Play looks at theatre of war through new eyes
A play focusing on the women left to grieve when war claims its victims has been a hit in Newcastle and Edinburgh. Now it is going nationwide. David Whetstone meets the cast and director.
WHAT must it be like to see the world on your doorstep going about its peaceable business, all chatting and laughing, when you have just been robbed of a loved one by a war being fought in all our names?
What must it be like to dread the TV news or a knock on the door, both potential deliverers of terrible tidings?
These questions, and plenty more like them, lie behind an extraordinary play called Motherland which began in Newcastle as a student production and is about to embark on a national theatre tour.
The play – more of a staged drama-documentary – is based on interviews with the relatives and girlfriends of serving soldiers and those who have been bereaved.
It gives voice to those who are all too aware that Britain is a nation at war (formerly in Iraq, now in Afghanistan)
At Live Theatre, director Steve Gilroy recalls the roots of a project which has captured the imagination beyond Tyneside – particularly after a clutch of awards at last year’s Edinburgh Festival Fringe and the verdict of respected critic Lyn Gardner, who wrote of the “immense power” of “this honest, beautifully-produced little show”.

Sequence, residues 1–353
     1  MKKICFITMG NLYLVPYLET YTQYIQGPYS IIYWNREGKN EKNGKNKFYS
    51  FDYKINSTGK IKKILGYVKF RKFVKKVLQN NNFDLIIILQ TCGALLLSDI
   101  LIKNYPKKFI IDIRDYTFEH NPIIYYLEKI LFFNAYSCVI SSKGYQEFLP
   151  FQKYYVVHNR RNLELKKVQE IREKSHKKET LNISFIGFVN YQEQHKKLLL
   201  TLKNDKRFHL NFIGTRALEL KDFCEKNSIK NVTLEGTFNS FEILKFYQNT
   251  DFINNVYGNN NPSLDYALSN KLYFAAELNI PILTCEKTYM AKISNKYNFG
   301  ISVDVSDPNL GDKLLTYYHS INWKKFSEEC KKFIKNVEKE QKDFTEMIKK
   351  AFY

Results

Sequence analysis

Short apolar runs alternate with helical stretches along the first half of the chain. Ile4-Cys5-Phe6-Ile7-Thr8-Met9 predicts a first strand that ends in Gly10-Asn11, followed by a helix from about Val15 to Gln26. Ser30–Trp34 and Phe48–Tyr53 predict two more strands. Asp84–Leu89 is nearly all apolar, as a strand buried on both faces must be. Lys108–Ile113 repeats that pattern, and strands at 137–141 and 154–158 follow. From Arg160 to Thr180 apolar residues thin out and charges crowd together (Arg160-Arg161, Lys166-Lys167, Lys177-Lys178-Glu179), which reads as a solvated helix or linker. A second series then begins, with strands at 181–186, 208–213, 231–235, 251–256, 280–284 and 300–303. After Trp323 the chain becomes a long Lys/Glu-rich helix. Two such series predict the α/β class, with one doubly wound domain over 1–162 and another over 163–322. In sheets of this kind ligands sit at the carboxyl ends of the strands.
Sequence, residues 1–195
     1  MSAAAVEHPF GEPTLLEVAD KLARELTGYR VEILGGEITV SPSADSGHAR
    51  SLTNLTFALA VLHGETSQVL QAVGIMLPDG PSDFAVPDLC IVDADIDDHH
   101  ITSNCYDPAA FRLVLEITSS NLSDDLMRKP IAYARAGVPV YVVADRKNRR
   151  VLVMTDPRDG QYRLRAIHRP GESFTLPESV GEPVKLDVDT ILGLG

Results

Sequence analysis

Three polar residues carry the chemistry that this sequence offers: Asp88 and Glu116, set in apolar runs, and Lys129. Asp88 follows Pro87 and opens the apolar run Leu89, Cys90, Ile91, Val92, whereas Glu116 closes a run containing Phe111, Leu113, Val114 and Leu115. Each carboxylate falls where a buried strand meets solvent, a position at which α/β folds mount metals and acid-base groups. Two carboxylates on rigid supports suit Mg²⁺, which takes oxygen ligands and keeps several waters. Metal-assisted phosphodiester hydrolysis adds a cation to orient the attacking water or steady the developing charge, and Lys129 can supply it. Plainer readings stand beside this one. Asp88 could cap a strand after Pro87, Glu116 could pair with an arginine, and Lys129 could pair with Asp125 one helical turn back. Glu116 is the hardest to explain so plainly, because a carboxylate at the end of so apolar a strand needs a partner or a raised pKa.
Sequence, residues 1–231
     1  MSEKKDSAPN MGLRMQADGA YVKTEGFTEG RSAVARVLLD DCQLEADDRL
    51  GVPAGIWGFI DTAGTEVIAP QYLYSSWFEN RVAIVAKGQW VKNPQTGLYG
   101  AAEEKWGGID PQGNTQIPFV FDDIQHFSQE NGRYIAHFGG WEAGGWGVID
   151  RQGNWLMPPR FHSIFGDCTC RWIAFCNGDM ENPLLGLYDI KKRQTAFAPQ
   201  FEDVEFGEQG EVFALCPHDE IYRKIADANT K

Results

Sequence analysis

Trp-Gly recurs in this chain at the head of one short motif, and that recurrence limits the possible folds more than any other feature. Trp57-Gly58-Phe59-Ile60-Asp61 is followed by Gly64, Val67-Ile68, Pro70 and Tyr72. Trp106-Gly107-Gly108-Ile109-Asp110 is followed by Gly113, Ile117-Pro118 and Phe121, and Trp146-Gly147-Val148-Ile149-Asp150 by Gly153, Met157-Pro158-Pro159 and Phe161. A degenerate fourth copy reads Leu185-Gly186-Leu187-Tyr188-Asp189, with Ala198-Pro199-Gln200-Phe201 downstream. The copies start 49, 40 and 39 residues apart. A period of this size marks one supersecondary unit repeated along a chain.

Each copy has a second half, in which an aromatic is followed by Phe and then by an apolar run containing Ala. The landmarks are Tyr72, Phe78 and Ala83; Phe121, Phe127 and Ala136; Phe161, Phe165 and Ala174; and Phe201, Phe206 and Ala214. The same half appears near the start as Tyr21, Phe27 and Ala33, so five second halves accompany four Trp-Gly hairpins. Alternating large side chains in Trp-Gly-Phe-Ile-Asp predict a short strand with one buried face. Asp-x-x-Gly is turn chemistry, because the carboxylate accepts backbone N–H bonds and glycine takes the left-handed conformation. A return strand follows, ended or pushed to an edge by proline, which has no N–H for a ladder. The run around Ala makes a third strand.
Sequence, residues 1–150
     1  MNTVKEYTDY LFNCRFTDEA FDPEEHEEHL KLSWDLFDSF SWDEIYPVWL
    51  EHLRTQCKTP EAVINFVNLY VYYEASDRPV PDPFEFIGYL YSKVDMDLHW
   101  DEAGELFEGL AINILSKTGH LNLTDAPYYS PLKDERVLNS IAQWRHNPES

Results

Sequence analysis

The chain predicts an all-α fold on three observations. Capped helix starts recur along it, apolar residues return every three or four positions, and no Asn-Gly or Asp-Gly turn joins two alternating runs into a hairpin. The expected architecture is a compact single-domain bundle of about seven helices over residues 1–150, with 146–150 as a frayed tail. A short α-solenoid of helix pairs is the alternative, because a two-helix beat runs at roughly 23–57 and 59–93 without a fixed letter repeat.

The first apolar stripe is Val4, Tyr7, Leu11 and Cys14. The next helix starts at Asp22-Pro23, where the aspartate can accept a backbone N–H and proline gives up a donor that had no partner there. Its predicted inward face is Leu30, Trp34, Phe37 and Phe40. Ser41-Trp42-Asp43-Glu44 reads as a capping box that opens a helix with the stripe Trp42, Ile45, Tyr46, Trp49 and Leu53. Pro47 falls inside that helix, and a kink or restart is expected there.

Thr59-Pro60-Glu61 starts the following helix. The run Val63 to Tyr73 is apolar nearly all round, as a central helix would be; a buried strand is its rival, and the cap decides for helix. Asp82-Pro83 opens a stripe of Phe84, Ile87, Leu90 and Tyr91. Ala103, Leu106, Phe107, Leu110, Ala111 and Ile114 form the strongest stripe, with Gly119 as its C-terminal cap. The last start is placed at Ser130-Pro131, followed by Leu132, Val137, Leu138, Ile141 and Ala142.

It began, Steve says, as a project for the postgraduate students of the Northumbria Live Academy, set up by Northumbria University and Live Theatre as a bridge between academic study and professional theatre work.
He had wanted to commission a writer to produce a piece suitable for the four young women left on the course after the sole male student dropped out. “But we didn’t have enough money, so I thought I’d go ahead and write something myself.
“I’d read a news story saying there is a disproportionate number of casualties among servicemen and women from this region in relation to the rest of the country and wondered why that was.
“I started to research the military background of the region.
“ Of course, there’s a garrison at Catterick. But it seems there are a whole lot of social and economic reasons why people from specific parts of the North East end up in the Forces.
“I don’t think it’s necessarily a coincidence that so many of those who have lost their lives came from South Shields, for instance.
“I’d also seen a number of stories on the local TV where there’d be a report of a soldier being killed and then there’d be a mother talking about how proud she was, probably managed by the Ministry of Defence PR department.
“I thought there had to be more to this. What is life like for these women who are grieving for their sons and daughters when most people seem to be at best disinterested and at worst quite anti?”